1.  I’m a little bit nutball.  We don’t need to debate this. My entire family can phone in a long lecture, with numerous subpoints and illustrations provided in the appendix, to elaborate if needed. But I’m pretty sure ya’ll have already figured there’s a decided nutball factor here.

2. I have a daily dose of material from Thing One and Thing Two that if I don’t record somewhere there will be some sort of crack in the universe and God will smite me. He gave me this talent, so if I don’t capitalize on it now, to the major future embarrassment of my children, I KNOW we will have a discussion when I kick it one day that will go like this:

“Hi God! I am so happy to be here! I mean, I’m dead and all, but there’s no place I’d rather be for all eternity!”

“Pleasure is all mine. But remember that time that I prodded at you and said something like ‘Lo, go forth and write about your childreneth, and you shall blesseth the momsies all about?’ You didn’t do that. What’s up with that?”

“Oh snap, God. I am sorry. I just got so caught up in cleaning and folding laundry and somewhere along the way I forgot how to do anything creative except make homemade napkins out of old t-shirts.”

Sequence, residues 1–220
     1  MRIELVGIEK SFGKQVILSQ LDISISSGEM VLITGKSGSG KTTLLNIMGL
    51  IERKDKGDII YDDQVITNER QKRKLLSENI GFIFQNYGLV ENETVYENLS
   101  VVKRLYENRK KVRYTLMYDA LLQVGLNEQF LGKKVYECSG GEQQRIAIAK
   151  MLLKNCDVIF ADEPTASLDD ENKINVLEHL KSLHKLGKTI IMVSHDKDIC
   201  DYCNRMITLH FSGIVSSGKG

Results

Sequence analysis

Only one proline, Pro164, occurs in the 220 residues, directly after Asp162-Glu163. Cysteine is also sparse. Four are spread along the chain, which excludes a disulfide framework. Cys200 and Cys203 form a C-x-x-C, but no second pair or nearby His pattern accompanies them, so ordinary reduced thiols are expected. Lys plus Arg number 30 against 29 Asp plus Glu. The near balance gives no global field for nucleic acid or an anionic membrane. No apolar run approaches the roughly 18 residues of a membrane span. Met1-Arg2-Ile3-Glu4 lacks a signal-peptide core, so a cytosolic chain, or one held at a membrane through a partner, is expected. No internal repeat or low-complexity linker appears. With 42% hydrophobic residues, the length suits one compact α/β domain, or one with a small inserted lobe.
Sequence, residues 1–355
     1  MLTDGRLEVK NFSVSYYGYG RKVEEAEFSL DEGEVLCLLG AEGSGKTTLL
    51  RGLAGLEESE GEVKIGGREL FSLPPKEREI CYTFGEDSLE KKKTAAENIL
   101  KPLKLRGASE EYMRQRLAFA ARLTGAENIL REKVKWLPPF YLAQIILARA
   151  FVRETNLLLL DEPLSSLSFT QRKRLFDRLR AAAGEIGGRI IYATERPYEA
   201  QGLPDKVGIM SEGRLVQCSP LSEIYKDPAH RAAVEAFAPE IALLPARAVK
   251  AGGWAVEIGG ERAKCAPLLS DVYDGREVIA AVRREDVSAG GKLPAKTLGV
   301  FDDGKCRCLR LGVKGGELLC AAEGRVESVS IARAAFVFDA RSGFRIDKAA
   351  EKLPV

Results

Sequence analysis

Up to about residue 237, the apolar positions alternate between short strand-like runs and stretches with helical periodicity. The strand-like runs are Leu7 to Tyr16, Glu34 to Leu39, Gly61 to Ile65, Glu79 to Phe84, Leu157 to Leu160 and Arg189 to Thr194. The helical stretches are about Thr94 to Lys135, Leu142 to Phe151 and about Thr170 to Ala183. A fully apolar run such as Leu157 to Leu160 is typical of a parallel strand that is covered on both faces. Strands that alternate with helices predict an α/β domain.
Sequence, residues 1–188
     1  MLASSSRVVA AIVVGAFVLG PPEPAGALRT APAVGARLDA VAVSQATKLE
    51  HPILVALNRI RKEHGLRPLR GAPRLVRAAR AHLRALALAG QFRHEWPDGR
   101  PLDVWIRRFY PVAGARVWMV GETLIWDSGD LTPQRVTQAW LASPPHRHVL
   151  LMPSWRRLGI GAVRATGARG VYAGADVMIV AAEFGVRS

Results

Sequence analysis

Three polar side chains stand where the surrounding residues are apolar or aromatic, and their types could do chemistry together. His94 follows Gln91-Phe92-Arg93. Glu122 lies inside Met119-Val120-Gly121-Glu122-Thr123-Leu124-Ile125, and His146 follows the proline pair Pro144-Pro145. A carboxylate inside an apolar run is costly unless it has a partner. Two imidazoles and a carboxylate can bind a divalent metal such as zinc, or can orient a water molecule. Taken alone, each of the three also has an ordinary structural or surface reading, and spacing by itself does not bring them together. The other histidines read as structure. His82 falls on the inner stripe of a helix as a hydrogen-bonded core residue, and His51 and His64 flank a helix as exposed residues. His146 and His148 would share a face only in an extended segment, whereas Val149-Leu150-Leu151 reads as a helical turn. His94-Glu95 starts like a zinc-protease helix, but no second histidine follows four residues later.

“Really. REALLY?”

“Please don’t smite me. I mean, I’m already here. I think you have a no return policy, right? And…I’ll write Your tell-all if You’d like.”

“We have that already. Revelations, remember? It’s in the bible…”

“Well, surely someone could benefit from a humorous interpretation of it, right? I mean… I hate to break it to You, but nobody completely GETS the book of Revelation.”

          “THAT’S THE POINT. JOB 36:26. Or did you not read that book, either?”


3. There’s that whole recovery thing. It’s kind of important that I write about that. You know why.


I am pleased, no, thrilled, NO, just plain gobsmacked to tell you this:

I signed a contract today for a book deal.

I signed a contract today for a book deal!

A book.

By ME.